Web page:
INTERVIEW: Gubernatorial candidate Tommy Ahlquist talks campaign advertising,

Tommy Ahlquist is a candidate for Idaho governor with an extensive medical and business background. He joined Neal Larson on KID Newsradio to talk about his latest campaign strategy, gun control, sex education in the Gem state and efforts to legalize CBD oil.

You can listen to the full interview below.



IDAHO FALLS, Idaho — Gubernatorial candidate Tommy Ahlquist addressed recent campaign advertising and his position on several hot button issues in the Gem State on KID Newsradio, Tuesday, March 27.

As the Ahlquist campaign marches toward the primary elections in May, many voters have noticed an uptick in campaign ad attacks from the Ahlquist campaign questioning the credibility of opponents Congressman Raul Labrador and Lieutenant Governor Brad Little.

“We’ve been at this for 14 months and they’ve certainly been after me for 14 months,” Tommy Ahlquist, a candidate for Idaho governor, told KID Newsradio. “I’ve got a great campaign team and we’re pushing back on their record and unfortunately, a lot of people don’t like that, but it’s been part of politics, it’s been part of the campaign all along. I think that it will probably only get a little worse through the end. I don’t like it either, but it’s politics. But my message stays very positive and most of our message has been very positive, but we will need to expose some records and contrasts so people can make a choice, that’s what this election’s all about.”

Of course, Ahlquist’s campaign tactics aren’t the only things voters are asking about. After a school shooting in Parkland, Florida, many Idahoans want to know what Alquist plans to do to keep their students safe if elected governor.

“We’ve had a moral breakdown of society, we’ve got mental illness, we’ve got glamorization of violence in America and we need to have our school’s be safer, but it seems like the media and everyone wants to go create a bunch of new gun laws and blame it on guns,” Alquist said. “So, we talk about that a lot and I think after going through those discussions in almost every meeting, in Idaho I think we can do a really good job of helping that narrative around the country and start addressing some of the underlying issues that are really causing this problem.”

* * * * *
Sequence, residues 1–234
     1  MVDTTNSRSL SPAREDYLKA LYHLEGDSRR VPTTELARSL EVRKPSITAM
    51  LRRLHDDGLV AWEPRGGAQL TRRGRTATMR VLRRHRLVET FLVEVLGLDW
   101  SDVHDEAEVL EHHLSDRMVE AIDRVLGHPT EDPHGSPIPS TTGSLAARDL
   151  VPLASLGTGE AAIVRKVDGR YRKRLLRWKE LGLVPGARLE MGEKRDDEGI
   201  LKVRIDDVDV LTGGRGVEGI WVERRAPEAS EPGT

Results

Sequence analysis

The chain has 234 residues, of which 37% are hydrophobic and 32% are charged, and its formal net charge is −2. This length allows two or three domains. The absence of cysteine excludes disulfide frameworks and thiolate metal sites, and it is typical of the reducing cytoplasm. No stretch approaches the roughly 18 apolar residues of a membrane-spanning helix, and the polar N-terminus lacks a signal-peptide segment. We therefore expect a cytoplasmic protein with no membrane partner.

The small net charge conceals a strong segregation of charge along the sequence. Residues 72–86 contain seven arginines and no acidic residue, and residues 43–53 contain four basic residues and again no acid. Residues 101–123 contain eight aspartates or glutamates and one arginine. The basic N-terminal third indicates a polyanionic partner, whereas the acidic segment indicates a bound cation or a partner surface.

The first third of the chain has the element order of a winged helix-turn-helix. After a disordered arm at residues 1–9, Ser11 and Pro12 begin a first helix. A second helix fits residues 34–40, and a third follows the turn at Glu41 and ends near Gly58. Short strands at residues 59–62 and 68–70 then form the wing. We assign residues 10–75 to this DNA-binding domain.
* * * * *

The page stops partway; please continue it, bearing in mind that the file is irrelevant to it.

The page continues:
Ahlquist said his medical background has given him an unique look into the impact of gun violence and it’s that experience that motivates his beliefs about what must be done to increase gun safety.

“When you see that firsthand, it is good people with guns that will stop bad people with guns and we need to make sure that we remember that,” Ahlquist said. “We have a very safe state in our state because of that.”

But questions surrounding Idaho students don’t end with gun safety. After a recent bill aimed at changing a decades old sex education law in Idaho failed to make it out of the Idaho legislature this session, many say the battle over sex education language is far from over. Ahlquist said if elected governor he will veto similar bills and efforts to remove parents as the primary educators of sexual topics within their families is a little change that could lead to a bigger thing.

“We’re under assault,” Ahlquist said. “If you look at the liberal left in this country and what they’re trying to do attacking our families and our values, it’s serious. If you look at these gender equality discussions that are going on everywhere, the money that is being pumped into our colleges and our high schools trying to push this agenda, we have got to stand strong and we have got to stand for what this country and this state is built on and not fall prey to this.”

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